Secondly, any of the findings are, by virtue of being an observational study, correlational in nature and not cause and effect. Given a data set large enough, enough dietary variables and a number of statistical methods at your disposal, you are likely to see significant correlations if you go looking for them. An example I saw on a blog of Chris Kresser’s was s study reporting that eating 12 hazelnuts a day increased lifespan by 12 years. Or that two slices of bacon equated to a shortened lifespan by 10 years. Yet, all headlines reporting on the study we are talking about here, and indeed the language used by study authors, suggest causality – something that cannot be determined by observation alone. Quite possibly one of the only robust findings from correlational research is that on lung cancer and smoking, where a 2000 times increase in risk of diagnosis of lung cancer was found in those who smoked. The increased risk in the study regarding red meat consumption? 10%. In most fields of science, it takes an increase in risk of at least 200% to garner interest. In nutrition, most relative risk increases are to the tune of 10-50% in either a positive or negative direction. Almost not worth writing about. Remember, too, this is relative risk. Absolute risk (when these numbers are reported) looks quite a bit different (see infographic here, a great description).

Thirdly, the prevailing message in the last 30 years is that red meat is bad for us and we should be minimising our intake of it, something that health conscious people will make a concerted effort to do. Therefore (as the research shows) those people who tend to consume the most red meat aren’t generally those that follow public health messages. They are more likely to smoke more, drink more, do less physical activity and eat less fruit and vegetables – all things which place an individual at greater health risk. While the research statistician ‘adjusts’ for these factors by way of an algorithm, it is well acknowledged that no amount of statistics will account for these unhealthy lifestyle behaviours. This is the inverse (if you like) of a ‘healthy user bias’.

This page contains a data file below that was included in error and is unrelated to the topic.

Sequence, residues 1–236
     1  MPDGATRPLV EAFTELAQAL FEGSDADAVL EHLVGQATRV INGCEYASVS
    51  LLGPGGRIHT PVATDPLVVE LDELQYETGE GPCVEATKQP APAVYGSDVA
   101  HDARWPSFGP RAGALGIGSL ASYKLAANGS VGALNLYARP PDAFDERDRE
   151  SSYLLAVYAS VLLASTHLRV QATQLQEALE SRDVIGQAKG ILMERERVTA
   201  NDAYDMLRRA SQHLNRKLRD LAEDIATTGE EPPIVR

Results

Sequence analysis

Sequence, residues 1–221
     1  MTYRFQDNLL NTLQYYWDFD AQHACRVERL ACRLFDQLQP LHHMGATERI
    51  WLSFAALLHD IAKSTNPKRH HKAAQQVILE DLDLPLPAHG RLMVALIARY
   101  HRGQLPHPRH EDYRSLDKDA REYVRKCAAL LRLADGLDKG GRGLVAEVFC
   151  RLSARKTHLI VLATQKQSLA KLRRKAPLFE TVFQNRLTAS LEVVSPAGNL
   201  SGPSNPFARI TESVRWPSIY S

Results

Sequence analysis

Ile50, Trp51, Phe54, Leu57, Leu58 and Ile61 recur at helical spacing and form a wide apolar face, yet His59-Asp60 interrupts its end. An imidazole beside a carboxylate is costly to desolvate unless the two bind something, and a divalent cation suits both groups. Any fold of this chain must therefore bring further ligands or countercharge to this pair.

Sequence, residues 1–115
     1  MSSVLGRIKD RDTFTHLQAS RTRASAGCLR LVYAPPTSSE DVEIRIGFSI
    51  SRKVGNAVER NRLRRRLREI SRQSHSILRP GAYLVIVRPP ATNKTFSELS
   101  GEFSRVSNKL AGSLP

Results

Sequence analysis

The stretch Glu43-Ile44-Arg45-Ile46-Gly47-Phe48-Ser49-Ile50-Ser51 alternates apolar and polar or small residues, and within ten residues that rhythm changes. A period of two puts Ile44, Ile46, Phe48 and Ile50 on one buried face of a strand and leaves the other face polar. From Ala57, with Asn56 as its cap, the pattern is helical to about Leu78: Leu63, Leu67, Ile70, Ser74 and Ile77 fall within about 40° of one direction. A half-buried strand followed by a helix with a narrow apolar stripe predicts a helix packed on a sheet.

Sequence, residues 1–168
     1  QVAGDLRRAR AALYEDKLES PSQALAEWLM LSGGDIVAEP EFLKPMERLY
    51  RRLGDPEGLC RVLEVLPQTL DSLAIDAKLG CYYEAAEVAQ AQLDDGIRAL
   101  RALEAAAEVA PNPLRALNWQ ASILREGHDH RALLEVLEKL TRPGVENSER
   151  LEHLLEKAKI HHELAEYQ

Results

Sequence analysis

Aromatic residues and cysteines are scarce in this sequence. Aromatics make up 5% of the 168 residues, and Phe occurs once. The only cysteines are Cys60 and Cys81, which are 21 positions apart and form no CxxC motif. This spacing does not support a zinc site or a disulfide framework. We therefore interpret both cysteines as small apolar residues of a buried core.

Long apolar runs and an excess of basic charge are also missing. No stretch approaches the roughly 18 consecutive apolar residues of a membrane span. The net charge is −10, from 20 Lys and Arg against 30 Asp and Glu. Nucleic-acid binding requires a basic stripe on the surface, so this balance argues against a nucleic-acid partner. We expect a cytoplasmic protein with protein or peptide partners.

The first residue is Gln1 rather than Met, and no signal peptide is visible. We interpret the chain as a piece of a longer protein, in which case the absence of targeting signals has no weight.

And what about clinical trials looking at the harmful effects of meat? We must put it into context. A hamburger patty served with cheese and aioli, in between two slabs of bread, along with a large side of fries and a soft drink is clearly quite different to a medium rare steak with garlic butter and a side of broccolini. The overall nutrient quality and context of the diet matters whenever we are determining the healthfulness or otherwise of a food choice. Dietary patterns matter. In line with that, there is no good evidence to suggest that meat causes inflammation, and one trial in particular (out of Australia) looked at the differing effects of one 100g serving of wild game meat (Kangaroo) and the standard feedlot beef on inflammatory markers, finding no increases in inflammation after eating the Kangaroo meat. The authors suggest that the fatty acid profile of the beef (higher in proinflammatory omega 6 fatty acids) compared to the wild game meat was the potential mechanism here, but more research was required to establish this. What would be great is to see if differences existed in a clinical trial of a whole food diet that incorporated red meat, rather than there being no differentiation between sources of red meat. Grass fed meat (the majority of our meat supply in New Zealand) is higher in omega 3 fatty acids and antioxidants as a result of the way they are raised – both of which reduce inflammation.